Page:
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Brain Res. 1999 Nov 13;847(1):38-49.

Time course and temperature dependence of allethrin modulation of sodium channels in rat dorsal root ganglion cells.

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Department of Molecular Pharmacology, Northwestern University Medical School, 303 East Chicago Avenue, Chicago, IL, USA.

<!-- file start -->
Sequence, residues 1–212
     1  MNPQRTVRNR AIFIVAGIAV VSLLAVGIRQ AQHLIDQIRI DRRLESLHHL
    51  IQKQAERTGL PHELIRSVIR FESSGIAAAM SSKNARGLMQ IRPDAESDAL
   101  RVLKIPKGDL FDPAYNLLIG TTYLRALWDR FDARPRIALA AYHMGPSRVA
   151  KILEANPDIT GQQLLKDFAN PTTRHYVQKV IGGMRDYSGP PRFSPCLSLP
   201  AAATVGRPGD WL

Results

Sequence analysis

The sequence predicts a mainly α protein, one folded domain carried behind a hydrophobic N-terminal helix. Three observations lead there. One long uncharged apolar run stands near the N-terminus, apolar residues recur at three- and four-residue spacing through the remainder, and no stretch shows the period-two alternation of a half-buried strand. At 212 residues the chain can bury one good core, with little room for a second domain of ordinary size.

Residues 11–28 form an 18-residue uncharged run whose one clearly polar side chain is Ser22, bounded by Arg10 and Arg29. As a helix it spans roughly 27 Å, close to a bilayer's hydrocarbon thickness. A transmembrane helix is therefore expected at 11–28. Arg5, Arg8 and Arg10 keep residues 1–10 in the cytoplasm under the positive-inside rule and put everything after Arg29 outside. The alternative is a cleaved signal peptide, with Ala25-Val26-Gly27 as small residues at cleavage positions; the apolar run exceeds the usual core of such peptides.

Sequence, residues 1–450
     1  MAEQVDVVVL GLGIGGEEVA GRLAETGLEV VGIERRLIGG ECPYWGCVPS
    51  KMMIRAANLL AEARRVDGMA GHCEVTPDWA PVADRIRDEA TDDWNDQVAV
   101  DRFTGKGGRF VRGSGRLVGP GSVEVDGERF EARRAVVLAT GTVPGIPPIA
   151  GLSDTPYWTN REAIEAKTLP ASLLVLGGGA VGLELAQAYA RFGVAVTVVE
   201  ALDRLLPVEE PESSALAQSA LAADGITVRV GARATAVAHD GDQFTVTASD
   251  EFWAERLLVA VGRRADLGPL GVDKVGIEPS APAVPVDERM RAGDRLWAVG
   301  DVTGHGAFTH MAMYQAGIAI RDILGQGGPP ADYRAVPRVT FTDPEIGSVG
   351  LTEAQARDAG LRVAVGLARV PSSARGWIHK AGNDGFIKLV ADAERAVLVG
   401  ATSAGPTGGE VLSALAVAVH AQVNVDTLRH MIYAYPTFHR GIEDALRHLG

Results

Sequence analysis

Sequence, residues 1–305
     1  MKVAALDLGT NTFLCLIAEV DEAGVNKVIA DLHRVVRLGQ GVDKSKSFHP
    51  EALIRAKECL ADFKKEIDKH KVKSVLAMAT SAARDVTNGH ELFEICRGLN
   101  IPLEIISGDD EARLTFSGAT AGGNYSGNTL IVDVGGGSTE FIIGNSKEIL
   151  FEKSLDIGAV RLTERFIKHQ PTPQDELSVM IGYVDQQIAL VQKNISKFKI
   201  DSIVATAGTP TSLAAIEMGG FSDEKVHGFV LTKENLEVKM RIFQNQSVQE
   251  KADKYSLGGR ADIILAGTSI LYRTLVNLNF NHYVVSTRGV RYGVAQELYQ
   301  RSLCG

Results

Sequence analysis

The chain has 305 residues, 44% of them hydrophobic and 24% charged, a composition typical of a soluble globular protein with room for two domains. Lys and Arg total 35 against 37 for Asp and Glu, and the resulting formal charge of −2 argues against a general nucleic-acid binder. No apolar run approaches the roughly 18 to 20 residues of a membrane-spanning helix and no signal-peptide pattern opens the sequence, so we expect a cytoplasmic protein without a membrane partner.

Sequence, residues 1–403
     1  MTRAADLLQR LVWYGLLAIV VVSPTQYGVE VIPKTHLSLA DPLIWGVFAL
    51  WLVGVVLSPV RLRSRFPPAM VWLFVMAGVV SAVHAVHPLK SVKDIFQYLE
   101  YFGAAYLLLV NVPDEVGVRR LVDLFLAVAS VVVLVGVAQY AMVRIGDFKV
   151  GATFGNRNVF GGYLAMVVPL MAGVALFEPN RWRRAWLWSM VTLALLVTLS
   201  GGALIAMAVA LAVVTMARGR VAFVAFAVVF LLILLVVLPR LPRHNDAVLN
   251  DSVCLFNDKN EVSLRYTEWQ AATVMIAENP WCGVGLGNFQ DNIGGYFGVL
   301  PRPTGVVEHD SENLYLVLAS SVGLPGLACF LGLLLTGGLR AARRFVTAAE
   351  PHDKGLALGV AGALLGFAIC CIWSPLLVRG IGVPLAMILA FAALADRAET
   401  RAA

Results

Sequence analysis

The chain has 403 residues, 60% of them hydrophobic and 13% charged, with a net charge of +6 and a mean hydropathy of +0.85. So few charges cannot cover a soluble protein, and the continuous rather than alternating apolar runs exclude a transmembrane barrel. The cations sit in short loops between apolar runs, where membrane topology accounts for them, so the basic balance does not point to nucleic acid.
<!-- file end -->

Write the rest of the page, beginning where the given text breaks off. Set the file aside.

Key effects of the pyrethroid insecticide allethrin, delivered to or washed out from cells at 10 or 100 microM in 0.1% DMSO, on neuronal Na(+) channel currents were studied in rat dorsal root ganglion (DRG) cells under whole-cell patch clamp. Tetrodotoxin-resistant (TTX-R) Na(+) channels were more responsive to allethrin than tetrodotoxin-sensitive (TTX-S) Na(+) channels. On application of 10 or 100 microM allethrin to cells with TTX-R Na(+) channels, the Na(+) tail current during repolarization developed a large slowly decaying component within 10 min. This slow tail developed multiphasically, suggesting that allethrin gains access to Na(+) channels by a multiorder process. On washout (with 0.1% DMSO present), the slow tail current disappeared monophasically (exponential tau=188+/-44 s). Development and washout rates did not depend systematically on temperature (12 degrees, 18 degrees, or 27 degrees C), but washout was slowed severely if DMSO was absent. As the duration of a depolarizing pulse was increased (range 0.32-10 ms), the amplitude of the slow component of the succeeding tail conductance first increased then decreased. Tail current amplitude had the same dependence on preceding pulse duration (at 18 degrees ) at 10 or 100 microM, consistent with allethrin modification of Na(+) channels at rest before opening. At 10 microM, slow tail conductance was at maximum 40% of the peak conductance during the previous depolarization, independent of temperature; evidently, the fraction of open modified channels did not change. However, at low temperature, the tail is more prolonged, bringing more Na(+) ions into a cell. In functioning neurons, this Na(+) influx would cause a larger depolarizing afterpotential, a condition favoring the repetitive discharges, which are signatory of pyrethroid intoxication.

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